We’ll see how much Google will be willing to spend marketing the Moto X and any other variants that may appear, but for now it’s too early to judge.
If there was one leak which got people most excited, it was the customization leak. At first we thought it could be something to do with specifications. Allowing you to choose between a budget Moto X for your mother, or a high-end Moto X for yourself.
Turns out that this didn’t end up happening, but we still got a very cool way of customizing our smartphone. The Moto Maker is the x factor that the Moto X so desperately needs to stand out from the rest of the crowd.
The need to be unique is one that is almost universally shared by humans. Case in point, despite the huge costs for custom license plates on cars in Australia, there are hundreds of thousands of people willing to pay for this small, and arguably worthless, differential factor. The Moto X offers this type of differentiation for free. You get the point that this is going to be a huge selling point (and I mean massive).
So Motorola went and completely shot itself in the foot by making the Moto Maker feature an AT&T exclusive, at least for the time being. It’s almost as if the Motorola executives came together and made a list of the top 10 worst ideas for the Moto X launch, and this was second from the top, so they went with that. The worst idea was not releasing it worldwide, oh wait they did that too…
With over 2000 customization options, you can customize everything from the front panel color, to the boot animation, as well as the back plate, wallpaper, even the trim color.
With over 2000 customization options, you can customize everything from the front panel color, to the boot animation, as well as the back panel, wallpaper, even the trim color. By tying the biggest selling point of the Moto X to one carrier, Motorola could have condemned the Moto X to a premature demise. Luckily, the Moto Maker won’t be an AT&T exclusive forever, so customers on other carriers will need to either wait or switch carriers to customize their Moto X to their heart’s desire.
That was probably the reaction from many people when we saw the carrier price for the Moto X. Most were expecting a price of about $99 on contract and $299 off contract, so when Motorola announced that it was pricing the Moto X at $199 on contract it came as quite a shock.
If you ever needed proof that Motorola was serious about taking on the Samsung Galaxy S4 and the iPhone 5, this was it. By pricing the Moto X on the same level as the Samsung Galaxy S4, HTC One, and iPhone 5, it signalled Motorola’s intent. This is a high-end smartphone, despite the seemingly mid-range specs.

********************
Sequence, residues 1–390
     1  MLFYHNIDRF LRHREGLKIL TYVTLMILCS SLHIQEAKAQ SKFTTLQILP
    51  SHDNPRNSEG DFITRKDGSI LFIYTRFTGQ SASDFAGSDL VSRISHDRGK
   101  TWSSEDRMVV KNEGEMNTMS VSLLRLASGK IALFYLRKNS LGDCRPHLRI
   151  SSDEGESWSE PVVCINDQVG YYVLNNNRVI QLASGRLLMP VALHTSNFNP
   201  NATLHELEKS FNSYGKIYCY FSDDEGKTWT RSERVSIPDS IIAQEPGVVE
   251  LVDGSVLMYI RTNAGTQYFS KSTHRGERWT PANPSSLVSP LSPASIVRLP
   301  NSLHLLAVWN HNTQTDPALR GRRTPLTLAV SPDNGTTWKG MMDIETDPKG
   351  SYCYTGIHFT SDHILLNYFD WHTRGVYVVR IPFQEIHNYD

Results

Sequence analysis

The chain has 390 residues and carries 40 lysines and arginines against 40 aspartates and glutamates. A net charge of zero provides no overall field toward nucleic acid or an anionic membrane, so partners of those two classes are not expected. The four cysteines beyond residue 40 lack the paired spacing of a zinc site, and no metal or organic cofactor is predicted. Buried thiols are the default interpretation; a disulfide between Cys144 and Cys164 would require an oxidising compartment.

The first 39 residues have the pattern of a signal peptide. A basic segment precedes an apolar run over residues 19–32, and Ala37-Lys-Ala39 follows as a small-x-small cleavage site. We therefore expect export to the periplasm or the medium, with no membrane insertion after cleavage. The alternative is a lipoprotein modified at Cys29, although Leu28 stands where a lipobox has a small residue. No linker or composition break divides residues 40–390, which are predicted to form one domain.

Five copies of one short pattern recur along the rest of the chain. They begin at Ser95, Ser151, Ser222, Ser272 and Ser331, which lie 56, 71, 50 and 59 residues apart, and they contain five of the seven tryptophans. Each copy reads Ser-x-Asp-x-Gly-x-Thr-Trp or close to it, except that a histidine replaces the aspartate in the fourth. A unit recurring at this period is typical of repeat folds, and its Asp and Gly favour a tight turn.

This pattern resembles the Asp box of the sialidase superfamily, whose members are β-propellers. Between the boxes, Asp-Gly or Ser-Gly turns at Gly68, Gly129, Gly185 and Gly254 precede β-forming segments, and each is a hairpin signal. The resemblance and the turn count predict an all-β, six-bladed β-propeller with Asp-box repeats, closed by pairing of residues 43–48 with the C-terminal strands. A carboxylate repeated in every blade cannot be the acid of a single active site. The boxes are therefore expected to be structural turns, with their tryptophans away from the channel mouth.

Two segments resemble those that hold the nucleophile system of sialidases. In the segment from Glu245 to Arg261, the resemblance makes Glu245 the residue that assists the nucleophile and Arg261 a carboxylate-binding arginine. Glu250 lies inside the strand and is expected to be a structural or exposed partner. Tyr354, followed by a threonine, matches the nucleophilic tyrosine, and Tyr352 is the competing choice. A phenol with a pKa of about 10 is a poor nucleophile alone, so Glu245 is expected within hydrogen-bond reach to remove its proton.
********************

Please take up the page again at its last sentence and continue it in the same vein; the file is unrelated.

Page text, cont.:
Technically, there is no off contract price for the Moto X. AT&T is going to sell the 16GB model for $574.99 and the 32GB Moto X for $629.99, but that’s just AT&T and doesn’t reflect the true price. Unfortunately, for now it’s your best bet for an off contract Moto X, and as an added bonus you can customize the phone as well.
We’ll probably have to wait for the developer and/or Google Play Edition versions of the Moto X to get an idea of how much Motorola is planning on selling the Moto X off-contract. In the end, Motorola was pretty much stuck trying to maintain the high-end mantra, and in order to do that it had to price it similarly to the competition.
I’m not the spec-fanatic I once was, and I understand that software optimization is as, if not more, important as the spec sheet. In fact I was, and still am, a big supporter of Motorola taking specs less seriously and focusing on user experience. But the thing is that specs still sort of matter.
A perfect example is the 4.7-inch, 720P AMOLED display on the Moto X. Now most would agree that on a display of that size, you don’t need a Full-HD display, and they’d be right. The advantages of the extra pixel density do not outweigh the advantages of increased battery life and GPU performance.
But what people forget is that the resolution is not the only measurement of a great display. A well tuned screen with accurate color reproduction, a bright display, and wide viewing angles is just as important as the pixel density. So while the Moto X has a high enough pixel density, and it’s not a pentile display, it still suffers from the same issues as all AMOLED displays.
The Moto X doesn’t have the most accurate color reproduction, and as it has an AMOLED display, it is significantly worse under bright sunlight when compared to LCD displays of the same calibre.
The Moto X is buttery smooth now, but for how long?
The Moto X’s specifications don’t look particularly high-end, but in regards to performance (especially graphics performance), it’s definitely buttery smooth, but for how long? Every phone suffers from some sort of slow down over time, and by being one step behind on the spec-sheet from launch it means that by the time that most people get off contract, they’ll be three steps behind the latest technology. Can the Moto X stand the test of time?